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The Weekend Neos Kosmos : 3 December 2016
DIGITAL.NEOSKOSMOS.COM THE WEEKEND NEOS KOSMOS | SATURDAY 3 DECEMBER 2016 21 CULTURE in the real world, but it did help me to see that there is a burgeoning industry of alternative deathcare in Australia, and although I didn't yet have the answer to where my place in this movement was, I was inspired to take a small step. So last autumn, I decided to host a Death Café for Dying to Know Day. I wanted to really make the event an accessible, welcoming and vibrant event for Melburnians to come and talk about death with me! I teamed up with an extraordinary palliative care nurse consultant and a young midwife and scholar and we set about trying to find a central space. And that was when it became clear just how far we have to go as a culture in our acceptance of death as a worthy and acceptable topic for discussion. I approached the City of Melbourne to ask for a venue space in kind and got no further than the central switchboard. After stating my purpose there was a long silence on the other end of the phone… and then some stammering. And then a curt “No, there is nobody at City of Melbourne who can help you with that. We don't deal with that here”. And then, I kid you not, the woman put the phone down. Undeterred, I tried calling their community engagement team. More stammering and then a clear no. And so it went on. I must have made about 15 phone calls and emails and was ignored or declined at every turn. Eventually I tried a pub. The good old Edinburgh Castle in Coburg. They said: “Death? OK, will people buy food and drinks?” I said I thought they definitely would. And the chap said “excellent. I'll book you in. So what is it? Some death thing?”. Yes, that's exactly what it is. A death thing! A Death Café to be exact. The day was well attended by people who drank tea or pints of ale, and who were all most keen to just talk about that death thing. ence there that settles in the room, a feeling of something strange, beautiful, emotional, an almost tangible feeling of electricity. And the help is similar too, but not the same! At a birth you tend to make cups of tea for people, but at a death you pour vodka and wine. The parallels are there not only in the space that active birth and death create, but in our propensity to possibly over-medicalise these events. Without doubt both birth and death have been made far more comfortable, safe and supported with the help of medical interventions; however, it is also true that these advances have led to us being ever more removed from the processes and the experience of facing them, dare I say wanting to experience them in their fullness (in conjunction with medical support if required). During the year I helped to care for my friend's dying mother, a woman who was a great inspiration to me, and who urged me to skill up so I could help her down the line, I attended a workshop called 'Midwifing Death: Returning to the Arms of the Great Mother.' There was certainly a lot of patchouli over that weekend, and more than a hint of whale song, things I actively avoided as a birth attendant, however, to be in the presence of people who could sit with the reality of death, their own death and others was transfigurative for me. Learning about ways to care for the dead at home, discovering that it is both possible and legal, was really inspiring. Putting terms to the ideas I had been mulling over like 'home-based death care' and 'family-led funerals'. It was like finding my tribe. This experience didn't make it any easier to really start practising these possibilities After that day another mob called and asked me if I could come and speak with a group about death. I hesitated, not sure if I had the credentials to bust out. I sat and thought about what I could offer. And the answer was immediate. I want to create spaces and places where conversations about death can happen, for people approaching death (NB: that means all of us), to offer information and resources that might assist, and to be available to a dying person and their family if they feel they'd like someone to hold the space around that process. I said yes. After that The Wheeler Centre knocked on my door and so it rolled along. It seems the calling for me at this point is to make and hold the space for you and yours and me and mine to speak about that death thing. I'm planning some workshops on advanced care directives and end of life wishes. I'll get together with people and make living wills, outlining our greatest hits and saying who we really were, so people don't say “Ahh Kimba, she was a great fan of Casablanca”, when actually my favourite film is Ferris Bueller's Day Off! We can support each other in the writing of letters to our kids just in case we do get hit by a bus and miss their 21st or their wedding day. And what about our digital footprint? We might have a workshop where we talk about that and work out whether we want our FB page continue on ... popping up, or have it vanish when we die. These are some of the discussions and tools I want to bring to my community. Beyond talking, though, I have a deep desire within to become a practical helper in bringing death home. The vision I have is of families connecting with professionals who can support the growing desire for those families to be more connected in the deathcare process, whether it be holding vigils, keeping their dead just a little bit longer, to say goodbye and to weep, or to have a wake before the funeral. There are excellent natural funeral directors who work with independent celebrants to assist families to be really involved in the process. I want to do that too. This idea is about a connectedness to death for families, individuals and communities. It's about creating a culture where we address death before, during and after our experiences with it, a reclamation of traditional ways, or adapting the current model around death, which is commercially driven, and which keeps death at a distance. For now, I am happy to plug away at this death thing, and keep facing up to it, even on the days I just want to forget the whole thing. To use the opportunities I am given to hold the space for others to talk and face up too. And to have the humility to really listen to others, so when the time comes to hold space for the next person in their dying, I'll know how to help that person, and the person after that. At the end of it all, perhaps when the time comes, I'll be able to help myself too.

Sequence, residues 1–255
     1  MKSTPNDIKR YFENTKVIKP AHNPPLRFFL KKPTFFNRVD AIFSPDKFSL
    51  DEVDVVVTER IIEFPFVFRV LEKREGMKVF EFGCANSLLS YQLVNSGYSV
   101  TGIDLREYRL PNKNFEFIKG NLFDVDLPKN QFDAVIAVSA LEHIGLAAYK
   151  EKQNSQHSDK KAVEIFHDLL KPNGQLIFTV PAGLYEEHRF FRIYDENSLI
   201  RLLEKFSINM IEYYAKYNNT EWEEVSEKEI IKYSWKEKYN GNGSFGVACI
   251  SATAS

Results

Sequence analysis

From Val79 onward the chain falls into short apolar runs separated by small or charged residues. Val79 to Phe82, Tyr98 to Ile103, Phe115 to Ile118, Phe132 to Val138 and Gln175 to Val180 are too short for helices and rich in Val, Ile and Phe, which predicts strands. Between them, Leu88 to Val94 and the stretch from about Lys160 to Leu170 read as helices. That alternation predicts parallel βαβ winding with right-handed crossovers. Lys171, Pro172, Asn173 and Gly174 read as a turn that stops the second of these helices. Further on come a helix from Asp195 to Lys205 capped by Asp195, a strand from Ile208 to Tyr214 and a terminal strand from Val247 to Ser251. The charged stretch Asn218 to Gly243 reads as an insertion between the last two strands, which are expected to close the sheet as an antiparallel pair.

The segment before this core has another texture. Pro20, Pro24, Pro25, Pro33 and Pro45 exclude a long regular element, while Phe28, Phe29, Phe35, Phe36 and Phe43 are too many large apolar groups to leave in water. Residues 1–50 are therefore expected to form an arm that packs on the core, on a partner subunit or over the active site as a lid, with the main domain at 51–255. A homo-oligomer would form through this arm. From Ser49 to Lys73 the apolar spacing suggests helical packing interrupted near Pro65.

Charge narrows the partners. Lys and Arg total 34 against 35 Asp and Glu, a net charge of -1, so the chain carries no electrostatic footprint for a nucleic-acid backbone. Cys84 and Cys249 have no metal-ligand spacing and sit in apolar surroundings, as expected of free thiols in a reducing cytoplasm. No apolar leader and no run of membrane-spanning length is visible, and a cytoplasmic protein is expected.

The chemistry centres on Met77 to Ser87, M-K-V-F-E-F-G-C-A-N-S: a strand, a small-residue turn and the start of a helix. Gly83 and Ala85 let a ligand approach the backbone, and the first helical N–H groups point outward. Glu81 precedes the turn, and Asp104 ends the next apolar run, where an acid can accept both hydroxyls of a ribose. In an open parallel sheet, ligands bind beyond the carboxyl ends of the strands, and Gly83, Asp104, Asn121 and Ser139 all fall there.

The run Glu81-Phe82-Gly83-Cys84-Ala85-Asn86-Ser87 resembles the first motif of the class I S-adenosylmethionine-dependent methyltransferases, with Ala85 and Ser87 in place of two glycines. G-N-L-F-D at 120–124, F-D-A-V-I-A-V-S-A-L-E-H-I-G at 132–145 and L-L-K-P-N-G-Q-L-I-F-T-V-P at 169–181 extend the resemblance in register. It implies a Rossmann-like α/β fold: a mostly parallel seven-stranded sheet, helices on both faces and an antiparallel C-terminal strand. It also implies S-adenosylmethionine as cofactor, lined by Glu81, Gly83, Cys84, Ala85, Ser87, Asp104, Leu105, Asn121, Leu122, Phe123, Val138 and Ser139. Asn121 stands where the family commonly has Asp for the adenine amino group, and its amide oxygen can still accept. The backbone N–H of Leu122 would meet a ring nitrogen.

26 November 2016
10 December 2016